Can I Use a Cookie Sheet for Broiling?

July 25, 2022
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They Can Endure the Heat - but Are They the Best Option?

Chocolate chip, Snickerdoodle, and oatmeal raisin-who doesn’t love the smell of freshly baked cookies presented on a cookie sheet in the oven?! But, if you crave multi-function just as much as baked goods, then surely you will want to know if you can use your cookie sheet for broiling other types of food. We have the answer for you so you can gather your recipes and get your Martha Stewart on!

Photo of broiled octopus

Using a Cookie Sheet While Broiling is Possible Depending On Your Pan

Can I Use a Baking Sheet Instead of a Broiler Pan

Yes, heavy baking sheets made from stainless steel can withstand the broiler. A baking sheet (a cookie sheet is also referred to as a sheet pan) is a flat metal pan used to bake food like cookies, bread, cakes, and muffins. A broiler pan is a heavier metal than a baking sheet. The result of broiling is comparable to grilling, so broiler pans are more resistant to high heat, making it best for cooking meat, seafood, and even vegetables.

Whether a pro chef or a self-proclaimed foodie, you will be happy to know that a sheet pan is often times a-ok for broiling, especially if made of heavy aluminum or stainless steel. Broiler temperatures are typically around 500°F to 550°F, so it is best to use aluminum foil to line your broiler pan - not parchment paper.

Bonus! An advantage of using a baking sheet pan is the larger surface area which accommodates large portions of food. How convenient for entertaining large gatherings!

What Can I Use if I Don't Have a Broiler Pan

No pan, no problem! You can quickly grab some items from around your kitchen or local market to use as a broiler pan substitute. There are plenty of options to broil your chicken as long as it does not contain glass or plastic. Also, avoid silicone mats and baking paper as both tend to burn under high temperatures. Ready to impress your family and friends with a perfectly broiled dinner party dish? Try these options to prepare your next meal.

Aluminum Foil Trays

These high-quality aluminum trays come in handy when broiling in your oven, catching grease, and keeping oils from food. Users say they love using aluminum trays for baking food like salmon and broiling meat because the ridges allow for dripping. Plus, aluminum foil trays are disposable, so no extra clean-up is required. You can also make your favorite potluck dish, then transfer the foil tray to any buffet station for easy serving.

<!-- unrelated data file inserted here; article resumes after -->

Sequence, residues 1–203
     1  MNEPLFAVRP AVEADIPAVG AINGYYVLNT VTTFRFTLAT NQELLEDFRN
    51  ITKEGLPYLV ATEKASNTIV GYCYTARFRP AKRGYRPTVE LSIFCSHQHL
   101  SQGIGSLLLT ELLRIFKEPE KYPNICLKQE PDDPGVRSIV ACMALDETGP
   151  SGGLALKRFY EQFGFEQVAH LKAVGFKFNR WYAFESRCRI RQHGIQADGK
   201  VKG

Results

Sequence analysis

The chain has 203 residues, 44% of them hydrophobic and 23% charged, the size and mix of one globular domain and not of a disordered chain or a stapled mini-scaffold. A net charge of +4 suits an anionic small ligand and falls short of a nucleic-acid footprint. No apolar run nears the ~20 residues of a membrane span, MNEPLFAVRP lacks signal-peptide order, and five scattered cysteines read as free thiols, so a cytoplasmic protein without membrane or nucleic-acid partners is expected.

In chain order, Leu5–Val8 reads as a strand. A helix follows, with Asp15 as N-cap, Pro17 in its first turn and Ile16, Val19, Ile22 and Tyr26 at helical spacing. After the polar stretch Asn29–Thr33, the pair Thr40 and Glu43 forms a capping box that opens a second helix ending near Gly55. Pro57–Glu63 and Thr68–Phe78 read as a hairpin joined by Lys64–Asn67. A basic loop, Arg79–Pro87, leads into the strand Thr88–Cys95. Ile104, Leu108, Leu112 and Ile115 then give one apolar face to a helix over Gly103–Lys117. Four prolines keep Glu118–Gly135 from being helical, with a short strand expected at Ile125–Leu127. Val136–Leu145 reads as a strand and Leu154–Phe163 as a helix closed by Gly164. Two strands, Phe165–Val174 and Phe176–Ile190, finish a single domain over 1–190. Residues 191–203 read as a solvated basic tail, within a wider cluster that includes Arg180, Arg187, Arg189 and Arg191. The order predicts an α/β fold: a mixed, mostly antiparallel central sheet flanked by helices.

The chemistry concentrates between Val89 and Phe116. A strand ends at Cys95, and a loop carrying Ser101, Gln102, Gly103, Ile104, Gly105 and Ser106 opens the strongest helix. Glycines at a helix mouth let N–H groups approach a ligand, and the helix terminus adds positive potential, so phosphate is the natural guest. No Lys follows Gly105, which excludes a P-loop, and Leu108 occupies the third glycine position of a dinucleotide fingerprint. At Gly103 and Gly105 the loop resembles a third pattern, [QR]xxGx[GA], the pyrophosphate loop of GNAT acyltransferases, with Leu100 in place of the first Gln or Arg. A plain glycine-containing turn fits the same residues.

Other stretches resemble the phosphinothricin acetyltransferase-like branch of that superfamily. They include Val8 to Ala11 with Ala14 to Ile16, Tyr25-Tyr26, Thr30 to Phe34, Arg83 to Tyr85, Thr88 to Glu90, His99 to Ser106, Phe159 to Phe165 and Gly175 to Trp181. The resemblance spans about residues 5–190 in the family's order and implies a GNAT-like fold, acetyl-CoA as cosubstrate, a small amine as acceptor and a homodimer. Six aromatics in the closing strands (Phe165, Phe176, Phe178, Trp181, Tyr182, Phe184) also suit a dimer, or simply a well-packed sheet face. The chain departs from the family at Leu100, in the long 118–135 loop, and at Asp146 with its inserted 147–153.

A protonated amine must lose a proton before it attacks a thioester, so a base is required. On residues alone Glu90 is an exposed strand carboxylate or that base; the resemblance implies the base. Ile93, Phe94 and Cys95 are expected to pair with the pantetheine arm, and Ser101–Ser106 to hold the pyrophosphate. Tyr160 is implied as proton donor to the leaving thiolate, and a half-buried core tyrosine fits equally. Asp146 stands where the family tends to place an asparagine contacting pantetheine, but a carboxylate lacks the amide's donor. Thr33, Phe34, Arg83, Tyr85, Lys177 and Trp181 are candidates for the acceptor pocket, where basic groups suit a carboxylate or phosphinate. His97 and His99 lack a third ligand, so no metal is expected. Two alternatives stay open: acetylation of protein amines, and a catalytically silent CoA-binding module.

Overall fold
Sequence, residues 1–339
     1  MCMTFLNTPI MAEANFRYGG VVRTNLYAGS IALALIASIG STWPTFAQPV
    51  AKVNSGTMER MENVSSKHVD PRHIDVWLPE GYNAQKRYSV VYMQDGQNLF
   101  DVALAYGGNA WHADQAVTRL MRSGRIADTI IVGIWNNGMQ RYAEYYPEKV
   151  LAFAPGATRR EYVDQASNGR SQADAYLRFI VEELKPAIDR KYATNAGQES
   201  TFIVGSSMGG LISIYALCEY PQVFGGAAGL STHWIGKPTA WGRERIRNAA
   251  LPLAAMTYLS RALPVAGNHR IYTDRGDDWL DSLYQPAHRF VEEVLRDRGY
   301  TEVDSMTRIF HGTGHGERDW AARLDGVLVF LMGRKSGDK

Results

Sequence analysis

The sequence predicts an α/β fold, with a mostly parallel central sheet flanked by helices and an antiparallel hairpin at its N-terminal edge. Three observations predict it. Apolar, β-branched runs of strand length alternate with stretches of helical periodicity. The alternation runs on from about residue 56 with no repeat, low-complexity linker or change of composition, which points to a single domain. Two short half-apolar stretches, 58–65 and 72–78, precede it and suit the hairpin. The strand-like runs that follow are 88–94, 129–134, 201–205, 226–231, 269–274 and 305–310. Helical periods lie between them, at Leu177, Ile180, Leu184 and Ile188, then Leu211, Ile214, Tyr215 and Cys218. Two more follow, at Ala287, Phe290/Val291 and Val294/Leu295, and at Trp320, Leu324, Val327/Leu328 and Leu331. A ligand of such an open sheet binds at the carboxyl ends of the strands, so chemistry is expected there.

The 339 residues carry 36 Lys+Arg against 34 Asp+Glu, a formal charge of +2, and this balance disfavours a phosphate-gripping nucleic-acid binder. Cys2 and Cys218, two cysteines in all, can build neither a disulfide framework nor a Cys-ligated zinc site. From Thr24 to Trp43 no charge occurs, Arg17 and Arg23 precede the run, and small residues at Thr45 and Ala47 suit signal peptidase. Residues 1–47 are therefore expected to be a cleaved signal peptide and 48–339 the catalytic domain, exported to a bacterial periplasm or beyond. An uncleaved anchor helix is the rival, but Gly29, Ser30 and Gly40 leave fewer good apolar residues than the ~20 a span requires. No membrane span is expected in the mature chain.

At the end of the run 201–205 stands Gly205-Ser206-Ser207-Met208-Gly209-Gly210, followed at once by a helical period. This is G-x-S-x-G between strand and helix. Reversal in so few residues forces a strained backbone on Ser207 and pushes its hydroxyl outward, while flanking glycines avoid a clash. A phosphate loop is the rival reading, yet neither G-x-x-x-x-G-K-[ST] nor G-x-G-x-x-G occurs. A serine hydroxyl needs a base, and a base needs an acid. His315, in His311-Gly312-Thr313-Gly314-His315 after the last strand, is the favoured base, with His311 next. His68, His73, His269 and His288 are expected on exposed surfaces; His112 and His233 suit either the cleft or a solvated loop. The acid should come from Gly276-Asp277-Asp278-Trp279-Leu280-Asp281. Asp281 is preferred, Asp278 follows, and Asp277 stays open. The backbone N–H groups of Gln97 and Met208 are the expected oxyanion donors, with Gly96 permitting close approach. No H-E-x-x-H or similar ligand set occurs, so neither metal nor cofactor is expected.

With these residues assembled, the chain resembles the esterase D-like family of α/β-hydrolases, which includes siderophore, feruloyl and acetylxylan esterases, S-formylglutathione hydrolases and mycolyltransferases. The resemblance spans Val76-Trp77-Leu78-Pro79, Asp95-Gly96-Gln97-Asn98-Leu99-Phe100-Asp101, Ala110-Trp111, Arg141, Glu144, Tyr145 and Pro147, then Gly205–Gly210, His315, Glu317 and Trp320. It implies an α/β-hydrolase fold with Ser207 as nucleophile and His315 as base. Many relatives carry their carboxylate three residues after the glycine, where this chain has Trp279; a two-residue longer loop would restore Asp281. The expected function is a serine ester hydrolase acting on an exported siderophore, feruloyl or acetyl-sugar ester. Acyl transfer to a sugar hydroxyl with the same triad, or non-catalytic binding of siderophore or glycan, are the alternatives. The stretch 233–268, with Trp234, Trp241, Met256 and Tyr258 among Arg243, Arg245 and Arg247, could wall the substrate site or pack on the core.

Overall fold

Baking Sheets

As previously stated, baking sheets can make an acceptable alternative when made from heavy stainless steel. They are broiler-safe and available in most stores. Crafted from durable stainless steel, they offer even heat distribution when baking, roasting, or browning, providing long-lasting use and quick clean-up. Be sure to line it with aluminum foil and a high-temperature oil or cooking spray to avoid food and cooking juices from sticking to your baking pan sheet.

Roasting Trays

A roasting tray widely used for roasting meats like a whole turkey on holidays like Thanksgiving. But you can use your tray to prepare delicious meals throughout the year in place of a broiler pan. It is usually made of stainless steel and includes a wire rack to separate the juice from the food. Reviewers mention using it for broiling because the depth helps prevent grease splatters from burgers, steaks, and other fatty meats when using the broil function. Not to mention, a roasting tray - as well as a roasting pan - is able to effectively deal with the high heat of broiling.

The Nordic Ware nonstick coated steel rack is a popular cookware option and highly rated for roasting meats, bacon, fries, jerky, and more!

Cast-iron Pans

Durable and heavy-duty, a cast iron pan - as well as cast iron skillets don't need to be restricted to your stovetop! They are often suitable for cooking at high temperatures under the broiler function in the oven. You can transition your pan from the stovetop to inside your oven to finish searing your steak evenly.